Ten minutes later, the RailHawks opening their scoring account. Facing yet another high defensive line designed to slow the pace of the speedy Elizondo and Ty Shipalane, Jun Marques Davidson delivered a pinpoint long ball over the top of the encroaching Rowdies, finding target man Mike Grella both onside and rumbling toward the goal. Grella awkwardly chested down the delivery before poking a shot past an onrushing Mizell for the 1-0 Carolina lead.

“I pulled away from the defenders and Jun, who is one of the most fantastic players I’ve played with, saw it right away,” Grella said. “He put it right in the spot where it needed to be. It was a funny mix-up between the defender and I, and the ball got loose. The keeper was off his line and I reacted quickly, and it was just a toe poke finish from there.”

Both teams squandered chances beginning in the 24th minute. Elizondo got loose in the box again, this time on the right side, but his shot across Mizell rolled wide left of goal. A minute later, Tampa Bay’s Evans Frimpong found himself in the box with a loose ball at his feet, but his own toe poke bounced off the left post.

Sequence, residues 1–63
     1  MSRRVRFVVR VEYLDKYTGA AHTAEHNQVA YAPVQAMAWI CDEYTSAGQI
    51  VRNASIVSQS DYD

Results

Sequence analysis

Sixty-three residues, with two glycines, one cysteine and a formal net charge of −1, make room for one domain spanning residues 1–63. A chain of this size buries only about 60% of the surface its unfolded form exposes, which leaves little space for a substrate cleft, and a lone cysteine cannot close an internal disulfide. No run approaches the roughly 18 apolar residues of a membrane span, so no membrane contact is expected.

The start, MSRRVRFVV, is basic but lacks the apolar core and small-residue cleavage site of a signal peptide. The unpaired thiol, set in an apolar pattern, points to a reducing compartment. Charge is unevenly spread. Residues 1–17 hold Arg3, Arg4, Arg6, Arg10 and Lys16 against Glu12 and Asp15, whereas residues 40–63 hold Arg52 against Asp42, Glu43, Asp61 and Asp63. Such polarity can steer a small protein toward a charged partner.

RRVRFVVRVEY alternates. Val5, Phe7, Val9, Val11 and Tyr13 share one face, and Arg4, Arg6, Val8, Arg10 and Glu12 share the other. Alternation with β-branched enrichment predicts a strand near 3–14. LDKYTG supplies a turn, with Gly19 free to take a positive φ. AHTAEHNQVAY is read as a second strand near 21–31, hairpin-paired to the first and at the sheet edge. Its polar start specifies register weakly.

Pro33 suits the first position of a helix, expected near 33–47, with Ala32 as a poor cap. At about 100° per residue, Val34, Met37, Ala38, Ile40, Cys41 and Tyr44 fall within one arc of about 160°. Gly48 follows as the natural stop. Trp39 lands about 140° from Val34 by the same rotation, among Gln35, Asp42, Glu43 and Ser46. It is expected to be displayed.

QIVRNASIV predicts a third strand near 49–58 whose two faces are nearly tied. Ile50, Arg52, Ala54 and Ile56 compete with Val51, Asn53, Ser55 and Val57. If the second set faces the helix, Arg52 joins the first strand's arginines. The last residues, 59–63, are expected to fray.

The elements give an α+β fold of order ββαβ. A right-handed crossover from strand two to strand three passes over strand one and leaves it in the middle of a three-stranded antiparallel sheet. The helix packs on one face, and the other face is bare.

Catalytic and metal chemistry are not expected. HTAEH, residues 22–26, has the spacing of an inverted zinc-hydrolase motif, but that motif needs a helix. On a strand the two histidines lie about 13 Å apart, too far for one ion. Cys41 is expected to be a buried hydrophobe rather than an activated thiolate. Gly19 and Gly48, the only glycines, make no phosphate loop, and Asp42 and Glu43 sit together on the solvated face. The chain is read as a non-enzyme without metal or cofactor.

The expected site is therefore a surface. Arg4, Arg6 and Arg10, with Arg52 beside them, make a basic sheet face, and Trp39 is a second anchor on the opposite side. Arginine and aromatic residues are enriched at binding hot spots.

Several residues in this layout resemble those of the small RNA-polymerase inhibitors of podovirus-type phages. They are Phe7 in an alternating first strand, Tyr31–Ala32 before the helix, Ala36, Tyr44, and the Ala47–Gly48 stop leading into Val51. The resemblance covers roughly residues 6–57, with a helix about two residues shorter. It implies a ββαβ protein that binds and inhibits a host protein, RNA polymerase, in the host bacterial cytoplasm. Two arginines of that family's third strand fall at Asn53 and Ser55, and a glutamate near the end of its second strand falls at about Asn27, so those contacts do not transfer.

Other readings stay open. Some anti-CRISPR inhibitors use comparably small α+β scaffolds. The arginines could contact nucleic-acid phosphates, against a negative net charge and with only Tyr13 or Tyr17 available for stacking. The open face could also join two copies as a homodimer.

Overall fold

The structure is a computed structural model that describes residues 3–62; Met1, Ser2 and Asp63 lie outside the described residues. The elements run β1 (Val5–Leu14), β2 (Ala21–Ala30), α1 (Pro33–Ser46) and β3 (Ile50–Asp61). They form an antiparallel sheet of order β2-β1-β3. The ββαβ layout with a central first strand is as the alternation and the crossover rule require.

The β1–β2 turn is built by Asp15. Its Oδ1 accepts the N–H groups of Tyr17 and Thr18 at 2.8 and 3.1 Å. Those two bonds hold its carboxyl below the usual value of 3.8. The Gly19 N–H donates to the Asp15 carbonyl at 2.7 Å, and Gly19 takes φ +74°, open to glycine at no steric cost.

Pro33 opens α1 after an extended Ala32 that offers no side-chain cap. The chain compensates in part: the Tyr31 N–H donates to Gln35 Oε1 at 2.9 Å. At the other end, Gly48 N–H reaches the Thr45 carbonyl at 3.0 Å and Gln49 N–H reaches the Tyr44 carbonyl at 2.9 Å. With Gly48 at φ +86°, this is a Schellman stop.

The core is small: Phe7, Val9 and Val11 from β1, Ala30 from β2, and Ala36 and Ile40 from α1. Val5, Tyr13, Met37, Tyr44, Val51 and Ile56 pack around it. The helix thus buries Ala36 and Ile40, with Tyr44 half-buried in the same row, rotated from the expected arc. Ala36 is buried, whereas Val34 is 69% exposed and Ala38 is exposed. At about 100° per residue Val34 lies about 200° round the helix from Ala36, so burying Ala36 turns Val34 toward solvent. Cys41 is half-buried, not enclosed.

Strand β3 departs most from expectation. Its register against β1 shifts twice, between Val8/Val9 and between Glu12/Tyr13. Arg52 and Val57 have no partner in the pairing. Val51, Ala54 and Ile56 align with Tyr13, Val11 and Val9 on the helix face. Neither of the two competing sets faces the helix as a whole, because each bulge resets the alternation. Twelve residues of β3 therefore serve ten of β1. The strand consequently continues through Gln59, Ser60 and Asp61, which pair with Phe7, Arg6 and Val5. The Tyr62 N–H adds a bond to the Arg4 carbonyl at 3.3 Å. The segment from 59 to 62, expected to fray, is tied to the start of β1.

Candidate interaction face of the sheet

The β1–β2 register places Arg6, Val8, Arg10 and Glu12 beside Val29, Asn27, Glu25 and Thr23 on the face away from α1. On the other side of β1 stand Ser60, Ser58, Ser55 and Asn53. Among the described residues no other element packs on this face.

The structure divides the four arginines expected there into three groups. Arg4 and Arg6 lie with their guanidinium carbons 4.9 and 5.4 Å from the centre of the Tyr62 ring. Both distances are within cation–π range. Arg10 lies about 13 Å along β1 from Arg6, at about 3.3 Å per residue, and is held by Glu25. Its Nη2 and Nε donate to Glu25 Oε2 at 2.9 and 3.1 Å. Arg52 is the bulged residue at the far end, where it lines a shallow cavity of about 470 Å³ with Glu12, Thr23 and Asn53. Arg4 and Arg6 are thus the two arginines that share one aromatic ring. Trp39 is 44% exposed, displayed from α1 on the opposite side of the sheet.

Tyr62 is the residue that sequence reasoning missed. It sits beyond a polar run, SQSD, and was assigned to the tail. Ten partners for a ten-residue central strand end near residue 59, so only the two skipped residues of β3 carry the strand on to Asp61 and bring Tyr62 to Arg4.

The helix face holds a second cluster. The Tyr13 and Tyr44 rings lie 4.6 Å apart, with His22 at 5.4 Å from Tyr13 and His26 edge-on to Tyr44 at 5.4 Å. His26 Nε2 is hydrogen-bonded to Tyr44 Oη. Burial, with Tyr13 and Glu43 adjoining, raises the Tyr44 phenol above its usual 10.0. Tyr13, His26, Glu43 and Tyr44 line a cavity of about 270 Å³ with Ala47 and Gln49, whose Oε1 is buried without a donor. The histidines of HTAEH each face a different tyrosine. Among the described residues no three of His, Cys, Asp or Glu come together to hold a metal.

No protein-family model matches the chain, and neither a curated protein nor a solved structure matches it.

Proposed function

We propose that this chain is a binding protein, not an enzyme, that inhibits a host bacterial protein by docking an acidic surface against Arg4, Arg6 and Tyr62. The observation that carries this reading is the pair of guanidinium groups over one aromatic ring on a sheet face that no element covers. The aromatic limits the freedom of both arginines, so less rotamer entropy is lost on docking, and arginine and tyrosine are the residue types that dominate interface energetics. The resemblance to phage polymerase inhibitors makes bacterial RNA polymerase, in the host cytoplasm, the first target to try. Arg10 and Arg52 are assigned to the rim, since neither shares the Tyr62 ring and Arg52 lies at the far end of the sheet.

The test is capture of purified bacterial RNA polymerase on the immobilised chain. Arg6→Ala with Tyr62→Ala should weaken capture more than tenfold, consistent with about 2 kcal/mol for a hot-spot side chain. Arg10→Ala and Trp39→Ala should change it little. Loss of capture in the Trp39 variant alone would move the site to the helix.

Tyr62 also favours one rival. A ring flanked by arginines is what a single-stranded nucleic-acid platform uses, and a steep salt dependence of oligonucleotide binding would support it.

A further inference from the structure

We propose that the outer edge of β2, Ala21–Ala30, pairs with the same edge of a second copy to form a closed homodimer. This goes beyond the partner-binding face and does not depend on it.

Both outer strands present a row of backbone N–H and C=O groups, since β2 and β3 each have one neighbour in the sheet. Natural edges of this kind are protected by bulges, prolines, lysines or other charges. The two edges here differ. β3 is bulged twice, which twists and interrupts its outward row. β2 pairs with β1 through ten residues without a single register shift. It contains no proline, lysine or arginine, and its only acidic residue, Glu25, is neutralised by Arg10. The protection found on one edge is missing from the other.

In the 35th minute, Rowdies forward Casey Townsend split the RailHawks’ defenders for a 1v1 with RailHawks goalkeeper Akira Fitzgerald. However, Fitzgerald stoned Townsend’s shot.

In the 45th minute, the RailHawks felt hard done by a no-call from center referee Alan Kelly off an apparent handball in the box by Tampa Bay defender Kyle Clinton. In the 54th minute, however, Carolina appeared poised to compensate for that slight when defender Willie Hunt tripped up Grella in the box. However, Grella’s especially poor PK attempt was easily smothered by Mizell.

Grella, who converted a PK goal during the RailHawks’ win two weeks ago against Atlanta, admits he made a mess of this attempt.